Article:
Imagine the loneliness Pop would feel right now if LaMarcus Aldridge hadn’t opted to leave Portland last summer.
Sadly, the Tim Duncan era is over. The era of few words and remarkably awkward outfits is over. Since 1997, the Big Fundamental has been a staple of San Antonio and of the NBA. Saying goodbye is hard.
But the era of 20 and 10s is not over. The era of protecting the rim and controlling the interior is not over. The era of mid-range touch is not over. And, consequently, the era of Spurs’ supremacy is far from over.
This is not to say that Aldridge is the next Duncan, for that would be an unfair burden for any big man to bear. But LA is, without question, one of the elite power forwards in the League today, and has been for quite some time now. With him in San Antonio, along with rising superstar Kawhi Leonard and old reliable Pau Gasol, the franchise is in good hands. You can believe that.
Don’t get hung up on Aldridge’s statistical dip. It’s a total lie. His placement here, at No. 18 on the SLAM Top 50, is more a testament to how stacked the League is. Not to any sort of decline.
In 2015-16, LaMarcus averaged 18.0 points and 8.5 rebounds per game, compared to 23.4 and 10.2 the season prior. But per 36, the numbers are much closer, and Aldridge shot the highest percentage of his career last year, both from the line (85.8 percent) and from the field (51.3 percent). He finished in the top 10 in defensive rating and defensive win shares, and for the third straight season, in the top-15 in PER. He was also named an All-Star for the fifth consecutive year, and selected to an All-NBA team for the fourth time.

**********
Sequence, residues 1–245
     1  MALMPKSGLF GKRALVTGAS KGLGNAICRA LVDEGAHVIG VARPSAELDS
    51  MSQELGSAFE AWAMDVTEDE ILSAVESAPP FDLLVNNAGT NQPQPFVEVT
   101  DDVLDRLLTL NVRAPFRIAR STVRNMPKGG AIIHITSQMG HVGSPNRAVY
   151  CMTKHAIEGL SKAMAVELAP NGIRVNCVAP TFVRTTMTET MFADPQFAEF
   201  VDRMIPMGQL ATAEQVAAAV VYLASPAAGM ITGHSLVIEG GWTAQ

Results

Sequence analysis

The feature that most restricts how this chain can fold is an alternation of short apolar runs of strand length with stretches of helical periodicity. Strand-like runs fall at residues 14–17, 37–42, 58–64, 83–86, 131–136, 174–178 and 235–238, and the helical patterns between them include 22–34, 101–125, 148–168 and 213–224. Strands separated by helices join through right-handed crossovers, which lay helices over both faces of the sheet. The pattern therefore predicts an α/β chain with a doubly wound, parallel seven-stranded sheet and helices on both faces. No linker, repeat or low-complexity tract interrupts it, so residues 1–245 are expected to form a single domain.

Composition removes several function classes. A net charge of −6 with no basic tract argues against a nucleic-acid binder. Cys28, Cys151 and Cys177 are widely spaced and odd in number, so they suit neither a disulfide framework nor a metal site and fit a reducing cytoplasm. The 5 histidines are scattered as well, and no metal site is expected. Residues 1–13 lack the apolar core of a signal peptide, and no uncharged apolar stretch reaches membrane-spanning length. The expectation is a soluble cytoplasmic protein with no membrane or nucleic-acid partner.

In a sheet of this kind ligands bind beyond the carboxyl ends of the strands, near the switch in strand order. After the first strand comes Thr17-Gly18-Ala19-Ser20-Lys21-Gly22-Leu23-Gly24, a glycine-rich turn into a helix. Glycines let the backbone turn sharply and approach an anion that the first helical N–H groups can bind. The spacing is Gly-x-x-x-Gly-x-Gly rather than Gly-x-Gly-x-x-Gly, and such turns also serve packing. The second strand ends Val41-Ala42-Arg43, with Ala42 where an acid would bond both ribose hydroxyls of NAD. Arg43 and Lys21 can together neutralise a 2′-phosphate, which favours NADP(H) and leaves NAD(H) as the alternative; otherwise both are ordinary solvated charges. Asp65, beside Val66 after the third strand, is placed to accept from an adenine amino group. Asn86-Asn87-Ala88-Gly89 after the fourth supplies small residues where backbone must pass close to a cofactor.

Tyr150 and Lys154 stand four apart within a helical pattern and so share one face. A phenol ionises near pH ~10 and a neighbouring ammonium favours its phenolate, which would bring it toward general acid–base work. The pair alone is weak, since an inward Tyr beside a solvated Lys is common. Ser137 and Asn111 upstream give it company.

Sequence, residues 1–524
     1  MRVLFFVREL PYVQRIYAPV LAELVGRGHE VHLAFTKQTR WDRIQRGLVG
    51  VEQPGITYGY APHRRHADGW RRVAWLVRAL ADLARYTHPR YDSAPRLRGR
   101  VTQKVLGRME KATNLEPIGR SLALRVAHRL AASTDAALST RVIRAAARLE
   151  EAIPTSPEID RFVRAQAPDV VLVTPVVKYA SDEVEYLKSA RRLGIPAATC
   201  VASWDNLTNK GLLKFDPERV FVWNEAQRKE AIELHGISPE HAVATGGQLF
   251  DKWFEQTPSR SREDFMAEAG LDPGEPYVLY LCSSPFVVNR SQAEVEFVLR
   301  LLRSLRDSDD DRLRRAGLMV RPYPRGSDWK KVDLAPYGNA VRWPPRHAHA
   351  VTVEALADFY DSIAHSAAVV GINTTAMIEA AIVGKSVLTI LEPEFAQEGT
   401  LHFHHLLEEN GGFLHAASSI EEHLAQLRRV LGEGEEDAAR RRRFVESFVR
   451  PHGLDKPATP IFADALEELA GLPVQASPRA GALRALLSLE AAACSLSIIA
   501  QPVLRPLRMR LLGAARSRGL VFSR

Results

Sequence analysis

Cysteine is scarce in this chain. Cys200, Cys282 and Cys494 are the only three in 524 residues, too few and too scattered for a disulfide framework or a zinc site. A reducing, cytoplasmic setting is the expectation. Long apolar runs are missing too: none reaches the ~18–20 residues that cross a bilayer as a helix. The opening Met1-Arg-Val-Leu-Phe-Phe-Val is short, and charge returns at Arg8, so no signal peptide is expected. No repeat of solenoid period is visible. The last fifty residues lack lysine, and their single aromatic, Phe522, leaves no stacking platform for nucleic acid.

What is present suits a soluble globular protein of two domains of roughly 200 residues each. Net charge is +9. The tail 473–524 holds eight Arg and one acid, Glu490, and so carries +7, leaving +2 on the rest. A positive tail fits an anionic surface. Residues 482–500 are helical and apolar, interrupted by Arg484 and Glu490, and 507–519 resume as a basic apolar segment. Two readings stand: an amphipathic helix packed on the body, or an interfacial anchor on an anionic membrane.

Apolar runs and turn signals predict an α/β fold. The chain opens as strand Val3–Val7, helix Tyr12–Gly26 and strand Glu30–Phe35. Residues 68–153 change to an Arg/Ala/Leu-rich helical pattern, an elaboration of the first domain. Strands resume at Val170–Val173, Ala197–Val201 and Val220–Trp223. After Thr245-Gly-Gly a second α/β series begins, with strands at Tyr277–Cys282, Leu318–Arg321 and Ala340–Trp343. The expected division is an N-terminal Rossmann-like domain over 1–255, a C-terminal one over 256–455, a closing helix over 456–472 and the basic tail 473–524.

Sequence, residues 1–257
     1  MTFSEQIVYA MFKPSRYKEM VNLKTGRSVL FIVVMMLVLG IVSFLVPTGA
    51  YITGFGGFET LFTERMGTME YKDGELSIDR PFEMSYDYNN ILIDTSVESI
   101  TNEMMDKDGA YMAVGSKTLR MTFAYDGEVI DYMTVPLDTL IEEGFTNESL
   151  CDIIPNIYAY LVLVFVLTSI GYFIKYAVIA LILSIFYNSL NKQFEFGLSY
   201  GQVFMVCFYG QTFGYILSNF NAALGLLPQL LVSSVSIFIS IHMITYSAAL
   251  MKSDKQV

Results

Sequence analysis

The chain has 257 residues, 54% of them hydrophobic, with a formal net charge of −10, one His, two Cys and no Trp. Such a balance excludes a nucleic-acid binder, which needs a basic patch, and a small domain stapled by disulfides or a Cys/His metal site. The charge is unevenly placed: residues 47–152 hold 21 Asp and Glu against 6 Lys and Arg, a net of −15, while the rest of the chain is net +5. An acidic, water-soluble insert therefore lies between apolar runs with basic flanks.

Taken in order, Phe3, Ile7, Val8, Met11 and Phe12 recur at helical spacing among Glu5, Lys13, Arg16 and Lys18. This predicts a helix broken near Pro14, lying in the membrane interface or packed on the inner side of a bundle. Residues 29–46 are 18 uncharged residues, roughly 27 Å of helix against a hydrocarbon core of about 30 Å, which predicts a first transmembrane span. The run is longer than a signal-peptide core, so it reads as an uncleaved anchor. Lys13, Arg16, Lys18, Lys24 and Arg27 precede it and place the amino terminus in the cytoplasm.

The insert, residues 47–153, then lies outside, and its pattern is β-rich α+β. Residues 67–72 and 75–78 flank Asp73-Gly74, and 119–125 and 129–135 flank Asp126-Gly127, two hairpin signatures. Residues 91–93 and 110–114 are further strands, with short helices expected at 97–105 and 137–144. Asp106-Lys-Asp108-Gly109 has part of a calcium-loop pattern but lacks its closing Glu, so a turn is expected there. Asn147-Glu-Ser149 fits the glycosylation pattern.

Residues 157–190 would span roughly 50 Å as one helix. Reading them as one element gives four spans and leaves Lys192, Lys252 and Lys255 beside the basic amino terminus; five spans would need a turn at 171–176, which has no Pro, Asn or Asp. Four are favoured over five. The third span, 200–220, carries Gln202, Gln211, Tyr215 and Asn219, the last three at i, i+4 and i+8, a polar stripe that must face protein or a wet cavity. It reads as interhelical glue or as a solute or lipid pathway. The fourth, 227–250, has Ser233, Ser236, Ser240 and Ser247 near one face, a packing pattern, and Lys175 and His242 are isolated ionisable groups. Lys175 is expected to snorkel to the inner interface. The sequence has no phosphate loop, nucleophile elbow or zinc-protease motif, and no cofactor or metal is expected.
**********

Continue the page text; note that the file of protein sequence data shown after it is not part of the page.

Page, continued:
Productivity, efficiency, consistence, defense. That’s a Gregg Popovich dream.
Like Duncan, Aldridge seems to have that quiet killer instinct. He goes about his business, knocking down step-back jumpers, backing down defenders, cleaning up misses etc., and at one point you look up and think, When did this guy get 19 and 11? Duncan was always like that. The two of them just make basketball look so easy.
But as with Timmy, there are games when Aldridge’s performance is simply impossible to overlook. These games serve as eye-openers. They are LaMarcus’ way of reminding the world that he’s capable of being the best player on the floor any given night. They are LaMarcus’ way of assuring fans that he is a superstar. Don’t you forget it.
This was perhaps never more apparent than in the 2016 Western Conference semis, when the Spurs met Durant (…), Westbrook, and the Thunder. In Game 1, Aldridge dropped a cool 38 points on an absurd 18-23 (78.3 percent) shooting, leading San Antonio to a dominant 124-92 victory.
How did the versatile power forward follow it up? By single-handedly keeping his team in Game 2, with 41 more points on 15-21 (71.4 percent) from the field. So yeah, there’s your eye-opener.
For Spurs’ fans lamenting over the departure of one of the greatest of all time, take solace in knowing that Aldridge will be back next year.
And, however quietly, he’ll get the job done.
LAMARCUS ALDRIDGE SLAM TOP 50 HISTORY
|SLAM Top 50 Players 2016|
Rankings are based on expected contribution in 2016-17—to players’ team, the NBA and the game.
Follow the entire SLAM Top 50 countdown.